Monday, January 13, 2014

Baptism of the Lord Sermon


I know some priests celebrate the Feast of the Baptism of the Lord by getting their congregations to remember their own Baptism, there is nothing wrong in that, except it misses the point.

John's Baptism is something intensely Jewish, it is part of those Jewish purification rituals, the washing up to the elbow on returning from the market place, the sprinkling of oneself, the bathing in mikvah after childbirth, menstruation, contact with a corpse, such purification was a necessary part of becoming a Jew. The Qumran excavations on the Dead Sea with it numerous cisterns and bathing pools show evidence of how important such rituals were to this particular sect, to the point where some have suggested John was a member, that is probably stretching things, bathing was an important ritual for all Jews.

John's baptism was a simple ritual act, that could presumably be repeated regularly, it had a psychological effect but no effective spiritual one. It did not take away sins, it gave no indelible mark to the soul, it did not transform who was in one's relationship with God, it was not salvific, it did not give Eternal Life.

John tells us that "I baptize you with water but but there shall come one mightier that I, ....he shall baptize you with the Holy Ghost, and with fire". During his ministry St John's Gospel us that Jesus disciple's baptised but he did not. However before the Ascension his last words to the Apostles are, "And Jesus came up and spoke to them, saying, "All authority has been given to Me in heaven and on earth. "Go therefore and make disciples of all the nations, baptizing them in the name of the Father and the Son and the Holy Spirit, teaching them to observe all that I commanded you; and lo, I am with you always, even to the end of the age."

The baptism we have received from Jesus, through his Church is radically different to John the Baptist's baptism. It is a different as the Covenant between Moses and the Jews, which had nothing to do with salvation, it was simply, "If you keep my commandments I will be your God", unlike the New and Eternal Covenant made through the blood of Jesus, the Lamb of God who -alone- takes away the sins of the world.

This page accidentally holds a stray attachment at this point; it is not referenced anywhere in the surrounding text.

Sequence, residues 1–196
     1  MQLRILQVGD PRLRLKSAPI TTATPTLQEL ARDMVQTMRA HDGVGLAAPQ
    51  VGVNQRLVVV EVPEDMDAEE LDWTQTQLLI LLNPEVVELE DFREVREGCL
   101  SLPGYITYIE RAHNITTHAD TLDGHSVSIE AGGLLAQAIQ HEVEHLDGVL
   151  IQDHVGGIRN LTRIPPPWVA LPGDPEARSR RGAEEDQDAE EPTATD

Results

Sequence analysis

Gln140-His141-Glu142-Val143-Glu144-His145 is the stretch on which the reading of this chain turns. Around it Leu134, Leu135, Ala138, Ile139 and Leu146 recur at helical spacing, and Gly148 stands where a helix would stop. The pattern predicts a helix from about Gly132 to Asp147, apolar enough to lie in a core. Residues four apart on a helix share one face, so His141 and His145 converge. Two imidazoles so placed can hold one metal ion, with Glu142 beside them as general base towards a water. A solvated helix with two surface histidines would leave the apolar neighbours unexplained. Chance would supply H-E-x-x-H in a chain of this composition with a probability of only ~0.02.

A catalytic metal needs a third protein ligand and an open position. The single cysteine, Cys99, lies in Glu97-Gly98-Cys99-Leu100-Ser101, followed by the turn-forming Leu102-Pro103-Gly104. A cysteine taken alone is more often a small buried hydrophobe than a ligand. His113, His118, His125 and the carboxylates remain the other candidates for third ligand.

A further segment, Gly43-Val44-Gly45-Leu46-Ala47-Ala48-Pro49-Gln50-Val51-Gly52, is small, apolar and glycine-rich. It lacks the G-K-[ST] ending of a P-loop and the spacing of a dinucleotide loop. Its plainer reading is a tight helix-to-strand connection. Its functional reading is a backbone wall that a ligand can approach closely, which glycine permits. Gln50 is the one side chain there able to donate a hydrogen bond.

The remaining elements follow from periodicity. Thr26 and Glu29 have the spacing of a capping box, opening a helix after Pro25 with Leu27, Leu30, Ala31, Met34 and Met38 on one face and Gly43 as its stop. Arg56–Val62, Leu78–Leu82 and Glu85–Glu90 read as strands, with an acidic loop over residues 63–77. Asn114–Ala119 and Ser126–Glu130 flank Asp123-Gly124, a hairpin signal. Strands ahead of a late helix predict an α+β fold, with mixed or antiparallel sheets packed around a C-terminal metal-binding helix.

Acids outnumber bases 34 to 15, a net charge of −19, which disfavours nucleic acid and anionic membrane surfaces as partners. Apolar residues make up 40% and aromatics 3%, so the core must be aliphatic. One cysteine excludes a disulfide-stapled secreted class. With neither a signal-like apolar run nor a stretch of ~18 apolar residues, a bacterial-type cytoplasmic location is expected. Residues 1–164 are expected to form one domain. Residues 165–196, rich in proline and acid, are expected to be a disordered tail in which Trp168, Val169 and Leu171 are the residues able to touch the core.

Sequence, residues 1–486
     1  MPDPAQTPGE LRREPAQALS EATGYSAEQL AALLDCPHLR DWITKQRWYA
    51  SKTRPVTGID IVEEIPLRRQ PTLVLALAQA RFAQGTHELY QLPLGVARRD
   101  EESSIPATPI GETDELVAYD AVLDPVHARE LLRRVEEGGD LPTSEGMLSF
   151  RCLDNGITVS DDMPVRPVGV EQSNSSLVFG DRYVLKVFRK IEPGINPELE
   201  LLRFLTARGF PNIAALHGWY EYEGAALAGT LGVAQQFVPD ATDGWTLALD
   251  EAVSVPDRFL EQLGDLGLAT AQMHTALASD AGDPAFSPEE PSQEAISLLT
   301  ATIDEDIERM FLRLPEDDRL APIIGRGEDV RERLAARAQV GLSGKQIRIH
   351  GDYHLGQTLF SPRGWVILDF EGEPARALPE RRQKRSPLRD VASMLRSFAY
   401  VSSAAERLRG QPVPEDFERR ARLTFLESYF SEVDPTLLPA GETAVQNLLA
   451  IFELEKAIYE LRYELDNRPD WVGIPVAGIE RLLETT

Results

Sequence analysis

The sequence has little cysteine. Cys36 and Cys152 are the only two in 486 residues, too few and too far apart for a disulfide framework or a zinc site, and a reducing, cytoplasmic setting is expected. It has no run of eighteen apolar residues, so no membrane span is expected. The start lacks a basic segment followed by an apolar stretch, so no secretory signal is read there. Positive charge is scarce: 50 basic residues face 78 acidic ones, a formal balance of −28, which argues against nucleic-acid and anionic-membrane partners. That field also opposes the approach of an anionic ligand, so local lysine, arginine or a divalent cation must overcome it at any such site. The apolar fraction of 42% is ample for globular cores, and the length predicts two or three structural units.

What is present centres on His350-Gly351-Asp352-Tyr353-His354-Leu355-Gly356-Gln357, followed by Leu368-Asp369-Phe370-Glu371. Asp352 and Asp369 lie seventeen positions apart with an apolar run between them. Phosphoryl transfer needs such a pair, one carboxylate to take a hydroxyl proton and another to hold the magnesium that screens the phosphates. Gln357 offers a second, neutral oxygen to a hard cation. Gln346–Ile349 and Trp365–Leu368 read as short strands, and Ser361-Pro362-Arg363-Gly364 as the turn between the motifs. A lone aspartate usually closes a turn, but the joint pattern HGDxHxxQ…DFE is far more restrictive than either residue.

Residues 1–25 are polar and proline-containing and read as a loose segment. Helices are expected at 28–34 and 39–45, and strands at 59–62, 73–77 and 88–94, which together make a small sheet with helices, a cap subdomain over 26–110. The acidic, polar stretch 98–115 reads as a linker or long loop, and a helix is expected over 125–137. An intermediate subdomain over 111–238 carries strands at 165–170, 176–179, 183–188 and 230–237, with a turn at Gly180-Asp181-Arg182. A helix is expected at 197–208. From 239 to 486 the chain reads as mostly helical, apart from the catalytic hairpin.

Who says, "Most assuredly, I say to you, unless one is born of water and the Spirit, he cannot enter the kingdom of God." This is the difference between the New and Old Testaments, or Covenants!

Christian baptism, like the other sacraments changes everything, hence the Church has always been very insistent on distinguishing between valid and invalid sacraments. John's ritual was not a valid sacrament, it was merely a ritual, except in the case of Jesus, heaven was not opened, no voice was heard saying, "this is my beloved Son", the Holy Spirit descended on no-one. In Christian baptism, heaven does open up for us, the Father does say, "you are my Son (my Daughter)", the Holy Spirit has descended on us with all His sanctifying power to enable us to become by adoption what Christ is by nature.

It is the great fault of many celebrations of the Sacraments that we emphasise what we do rather than what God does. The Holy Eucharist becomes 'sharing', Confession becomes therapy or spiritual direction, Marriage becomes merely a wedding, Ordination becomes about power, the Sacrament of the Sick is becomes 'comfort', Confirmation becomes a 'rite of passage'. Jesus in his baptism sees Heaven, hears God, 'feels' the anointing of the Holy Spirit. Notice the evangelist is concerned not with human things but with what God does. In the sacraments we need to notice what God does to us through his Grace.
As a Greek Bishop said about Holy Communion, "it is not so much our reception of God but God's reception of us that matters".
Let us keep our eyes on God and his Grace, on the His effects on what is at the very heart of our being our eternal Soul.


8 comments:

Mike Hurcum said...

John the Baptist was a son of a Levite, a priest of the Temple. His action would have a great significance to the Jews

epsilon said...

How can I be despondent when we have a priest like you around, Father!

Your words are pure nourishment!

Ma Tucker said...

Thank you Fr.

NBW said...

Thank you Fr. for an excellent post.

viterbo said...


'is radically different to John the Baptist's baptism...it is not so much our reception of God but God's reception of us that matters'.

Thank you, Father.

'yet he who is least in the kingdom of God is greater than he [St John the baptist]'

jean said...

Thank you for this Father. It is a very welcome reminder...

nickbris said...

Very good Father,I have never had Baptism so clearly explained before

Pablo the Mexican said...

Upon His Baptism, Christ sanctified the waters.

That is why you may be Baptized with any water, even sea water.

They have all been sanctified.


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